- You want to earn income on a stock that is neutral or moving slowly in either direction (up or down, but usually up). You should choose a high enough strike price to make it unlikely that your underlying stock is called away from you, because you do not intend to sell your stock.
- You want get a higher price for a stock that you wish to sell. You should choose a strike price that is close to the stock’s price so that the call is likely to expire in-the-money, thus calling away (or selling) your stock. In addition, at-the-money (ATM) options have more time valuethan do options with strikes that are further away from the stock’s current price. ATM options therefore pay a higher premium and you get a better overall price (the strike price plus the premium) for your sold stock.
My objective was to supplement my returns on SBUX but in keeping with my LTBH mindset, I had no desire to sell my SBUX shares. I actually thought (for probably about ten seconds) about the risk of losing one of my best long-term performers, but the idea of that juicy premium not going into my wallet got the better of me. To that end, in March, 2013 with SBUX trading at about 56.60, I made the following trade:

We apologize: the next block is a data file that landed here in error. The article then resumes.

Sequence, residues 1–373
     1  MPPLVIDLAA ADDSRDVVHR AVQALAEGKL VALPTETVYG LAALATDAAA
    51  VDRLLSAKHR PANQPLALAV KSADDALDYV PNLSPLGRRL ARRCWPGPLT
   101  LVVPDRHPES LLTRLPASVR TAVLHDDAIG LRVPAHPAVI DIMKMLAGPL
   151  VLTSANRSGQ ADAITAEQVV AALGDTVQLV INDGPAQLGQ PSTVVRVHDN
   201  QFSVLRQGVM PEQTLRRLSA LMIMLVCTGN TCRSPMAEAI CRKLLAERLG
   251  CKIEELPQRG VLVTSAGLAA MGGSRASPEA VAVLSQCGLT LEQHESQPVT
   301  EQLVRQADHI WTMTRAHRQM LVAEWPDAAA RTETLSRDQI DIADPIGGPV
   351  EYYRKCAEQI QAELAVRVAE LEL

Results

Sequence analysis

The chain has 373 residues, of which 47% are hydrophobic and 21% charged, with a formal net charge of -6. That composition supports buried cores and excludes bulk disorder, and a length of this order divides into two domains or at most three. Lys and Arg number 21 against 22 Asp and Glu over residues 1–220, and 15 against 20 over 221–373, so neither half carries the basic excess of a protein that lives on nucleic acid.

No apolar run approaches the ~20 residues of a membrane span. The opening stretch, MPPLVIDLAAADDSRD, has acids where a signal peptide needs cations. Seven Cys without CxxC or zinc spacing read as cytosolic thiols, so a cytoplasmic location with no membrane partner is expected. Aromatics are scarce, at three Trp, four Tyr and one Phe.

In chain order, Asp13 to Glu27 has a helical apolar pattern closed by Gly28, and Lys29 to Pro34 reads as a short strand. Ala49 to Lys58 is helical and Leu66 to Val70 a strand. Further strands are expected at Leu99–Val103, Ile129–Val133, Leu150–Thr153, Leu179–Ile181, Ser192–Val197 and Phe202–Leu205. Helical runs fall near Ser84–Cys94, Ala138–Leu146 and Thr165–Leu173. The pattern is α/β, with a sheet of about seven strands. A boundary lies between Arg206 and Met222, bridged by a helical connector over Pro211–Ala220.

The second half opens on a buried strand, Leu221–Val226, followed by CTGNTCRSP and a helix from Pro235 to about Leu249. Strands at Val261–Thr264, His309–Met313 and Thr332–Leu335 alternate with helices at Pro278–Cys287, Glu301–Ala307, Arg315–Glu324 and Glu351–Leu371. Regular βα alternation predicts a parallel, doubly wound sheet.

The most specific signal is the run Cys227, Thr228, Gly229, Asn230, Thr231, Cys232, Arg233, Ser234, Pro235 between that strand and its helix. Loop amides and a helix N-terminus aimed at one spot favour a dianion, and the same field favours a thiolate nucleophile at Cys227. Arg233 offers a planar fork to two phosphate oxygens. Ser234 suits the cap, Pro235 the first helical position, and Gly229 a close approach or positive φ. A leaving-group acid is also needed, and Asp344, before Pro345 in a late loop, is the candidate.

3/27/2013 Sell to open SBUX 07/20/2013 57.50 C 2.46
And then the fun began.
Act 2 — Drowning Underwater
This particular trade would not be especially interesting if it had worked out and I made a small profit on it, but that is not what happened. My first mistake was that I chose a strike price (57.50) that was way too close to the underlying’s current trading price. If SBUX moved up by only .90, or roughly 1.6% in the next three months, then my calls would be in-the-money (ITM) and my SBUX stock would be at risk for being called away.
What made this new position stressful was what SBUX did over the life of the call, as shown in this next chart:
As before, the prices shown in the chart are split-adjusted so double them for the historical price. On 3/28/2013, the day after I sold the calls, SBUX closed up a bit at 56.96. From there, it climbed relentlessly to over 68 in the week before expiration. Which is great if you own SBUX outright, but not so great if you foolishly covered SBUX at 57.50. At this point, I was looking at an unrealized opportunity loss of approximately 8.04/share (68.00 – 57.50 – 2.46).
Act 3 — Staying Afloat (Barely)